KINGSCOURT, a market and post-town, in the parish of ENNISKEEN, county of CAVAN, and province of ULSTER, 5 miles (W.) from Carrickmacross, and 505 (N. W.) from Dublin, on the road from Carrickmacross to Bailieborough; containing 1616 inhabitants. This town, which is situated on the confines of the counties of Louth, Meath, and Monaghan, was founded near the site of the old village of Cabra, by Mervyn Pratt, Esq., towards the close of the last century, and was completed by his brother, the Rev. Joseph Pratt. From the facility afforded by its situation for procuring materials for building, the advantageous conditions of the leases granted by its proprietor, the construction of good roads, and the establishment of a market, it has rapidly risen into importance, and is now a thriving and prosperous place. It consists of one spacious street, containing 314 houses, which are well built of stone and roofed with slate; has a neat and commodious market-house, and a daily post; and is the head station for the Kingscourt district of the Irish society for promoting the education of the native Irish, through the medium of their own language.

Near the town is Cabra Castle, the seat of the proprietor, Colonel Pratt, a superb baronial castellated mansion in the Norman style of architecture, with suitable offices, situated in an extensive and beautiful demesne, comprising 1700 statute acres, and embellished with luxuriant woods and richly varied scenery. In a spacious meadow to the west of the castle, which is interspersed with stately trees of ancient growth, is an aboriginal wood covering several hundred acres, and reaching to the summit of a lofty eminence crowned with the ruins of an ancient castle and a rotundo of more modern date, commanding a rich view over several counties, terminating in the Carlingford mountains to the east, and the bay of Dundalk, which is visible in clear weather. On a rising ground at a short distance towards the south are the tower of Kingscourt church and part of the town; and to the south-east, on a high hill, the church of Ardagh.

At the western extremity of the demesne is the romantic and thickly wooded glen of Cabra, of great depth and nearly a mile in length, watered by a rapid mountain torrent, which taking a winding course over beds of rock, forms several picturesque cascades. A very romantic bridge is thrown across the glen, the abutments of which are hewn in the solid rock; the arch, raised to a very great height, is covered with ivy and ornamented with several trees of large growth, whose stems are also entwined with ivy, giving to it a splendid and imposing appearance. Near this spot, on a slight eminence, is Cabra Lodge, where the present proprietor has erected some vertical saw-mills of great power. It is traditionally recorded that one of the northern tribes, in its passage to the west of Ireland, was met in this glen by the enemy and totally routed and cut to pieces; several of the old inhabitants recollect the discovery of human bones in this place, which, it being unconsecrated ground, must have been those of bodies interred before the Christian era. This circumstance is alluded to in a note appended to Ossian's poems, a fact which would, in the opinion of antiquaries, confirm the authenticity of at least a part of that work.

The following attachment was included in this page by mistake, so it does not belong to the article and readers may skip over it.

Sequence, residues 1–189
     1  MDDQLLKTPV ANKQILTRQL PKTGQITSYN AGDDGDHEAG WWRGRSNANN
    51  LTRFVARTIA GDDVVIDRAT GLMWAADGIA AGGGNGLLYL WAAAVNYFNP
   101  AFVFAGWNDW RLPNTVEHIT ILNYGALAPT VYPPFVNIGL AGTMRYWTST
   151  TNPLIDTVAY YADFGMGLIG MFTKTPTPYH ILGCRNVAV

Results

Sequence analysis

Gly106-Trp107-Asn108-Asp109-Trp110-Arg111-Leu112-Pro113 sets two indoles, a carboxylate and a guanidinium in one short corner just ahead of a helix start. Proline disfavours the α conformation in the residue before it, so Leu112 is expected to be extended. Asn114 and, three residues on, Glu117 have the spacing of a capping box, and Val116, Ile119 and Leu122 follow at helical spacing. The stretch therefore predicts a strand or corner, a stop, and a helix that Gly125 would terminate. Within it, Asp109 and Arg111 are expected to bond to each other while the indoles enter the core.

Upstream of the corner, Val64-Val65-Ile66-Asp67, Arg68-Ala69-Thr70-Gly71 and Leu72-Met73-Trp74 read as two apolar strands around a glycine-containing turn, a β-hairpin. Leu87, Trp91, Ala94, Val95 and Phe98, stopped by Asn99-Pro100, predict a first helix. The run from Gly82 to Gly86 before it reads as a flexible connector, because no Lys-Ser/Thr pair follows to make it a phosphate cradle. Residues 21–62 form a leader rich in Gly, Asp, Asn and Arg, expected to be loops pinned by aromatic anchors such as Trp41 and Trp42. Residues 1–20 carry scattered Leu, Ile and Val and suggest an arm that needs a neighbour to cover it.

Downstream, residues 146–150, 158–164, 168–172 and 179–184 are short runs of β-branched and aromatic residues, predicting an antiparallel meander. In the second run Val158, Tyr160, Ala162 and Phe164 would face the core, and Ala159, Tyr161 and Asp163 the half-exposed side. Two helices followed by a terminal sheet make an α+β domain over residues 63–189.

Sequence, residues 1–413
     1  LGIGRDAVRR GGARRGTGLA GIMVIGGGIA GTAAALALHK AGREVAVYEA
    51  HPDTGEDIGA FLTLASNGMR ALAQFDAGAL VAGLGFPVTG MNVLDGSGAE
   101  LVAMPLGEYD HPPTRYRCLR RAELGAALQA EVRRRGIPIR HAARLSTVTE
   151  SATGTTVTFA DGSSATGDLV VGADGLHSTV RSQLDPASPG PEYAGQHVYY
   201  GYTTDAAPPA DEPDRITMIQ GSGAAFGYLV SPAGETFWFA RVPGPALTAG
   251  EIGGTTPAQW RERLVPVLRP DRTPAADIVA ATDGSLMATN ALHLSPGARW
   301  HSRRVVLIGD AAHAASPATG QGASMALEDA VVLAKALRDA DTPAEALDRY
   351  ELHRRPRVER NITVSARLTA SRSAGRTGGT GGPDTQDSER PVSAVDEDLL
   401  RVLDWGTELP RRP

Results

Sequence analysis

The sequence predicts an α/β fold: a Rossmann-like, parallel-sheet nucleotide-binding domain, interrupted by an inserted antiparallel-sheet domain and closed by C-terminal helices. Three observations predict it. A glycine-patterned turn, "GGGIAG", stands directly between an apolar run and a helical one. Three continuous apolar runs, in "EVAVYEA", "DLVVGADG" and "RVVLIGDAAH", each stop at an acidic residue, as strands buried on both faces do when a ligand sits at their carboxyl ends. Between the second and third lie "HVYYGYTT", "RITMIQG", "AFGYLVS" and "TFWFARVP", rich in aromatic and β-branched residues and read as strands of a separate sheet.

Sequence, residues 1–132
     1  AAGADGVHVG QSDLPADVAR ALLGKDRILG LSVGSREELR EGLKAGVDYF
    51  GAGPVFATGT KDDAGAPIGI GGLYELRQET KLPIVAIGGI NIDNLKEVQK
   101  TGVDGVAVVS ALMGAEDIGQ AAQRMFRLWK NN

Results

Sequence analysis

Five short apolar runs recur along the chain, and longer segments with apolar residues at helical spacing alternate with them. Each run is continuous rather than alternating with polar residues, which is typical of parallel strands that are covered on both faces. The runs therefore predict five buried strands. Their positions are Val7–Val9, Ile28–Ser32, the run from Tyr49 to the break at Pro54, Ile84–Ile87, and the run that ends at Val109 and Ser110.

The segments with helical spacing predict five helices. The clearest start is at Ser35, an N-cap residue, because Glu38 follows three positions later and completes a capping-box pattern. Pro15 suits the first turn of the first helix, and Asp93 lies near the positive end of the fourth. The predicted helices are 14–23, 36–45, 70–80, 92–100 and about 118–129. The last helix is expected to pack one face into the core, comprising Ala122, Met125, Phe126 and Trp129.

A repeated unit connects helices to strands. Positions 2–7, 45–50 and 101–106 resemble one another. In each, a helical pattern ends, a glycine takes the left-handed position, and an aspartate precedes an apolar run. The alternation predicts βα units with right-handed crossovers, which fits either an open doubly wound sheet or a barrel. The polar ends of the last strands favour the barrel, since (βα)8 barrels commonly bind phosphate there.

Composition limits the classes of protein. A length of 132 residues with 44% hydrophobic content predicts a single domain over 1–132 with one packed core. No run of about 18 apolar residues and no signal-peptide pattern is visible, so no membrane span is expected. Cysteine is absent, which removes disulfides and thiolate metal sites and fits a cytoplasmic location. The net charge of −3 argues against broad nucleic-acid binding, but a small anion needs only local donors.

Contiguous to Cabra is Mullintra, the grounds of which, together with those of Cormee, the site of the present castle, now form part of the demesne, the whole having been united by the present proprietor. The market is on Tuesday; and there are fairs on April 1st, May 23rd, June 18th, Aug. 1st, Sept. 19th, Nov. 8th, and Dec. 4th and 24th. A chief constabulary force is stationed here, and petty sessions are held on alternate Tuesdays. The parish church is situated in the town, in which are also a handsome R. C. chapel and a dispensary. In the neighbourhood are several planted raths, one of which commands a very extensive and magnificent prospect.

Search Topographical Dictionary of Ireland »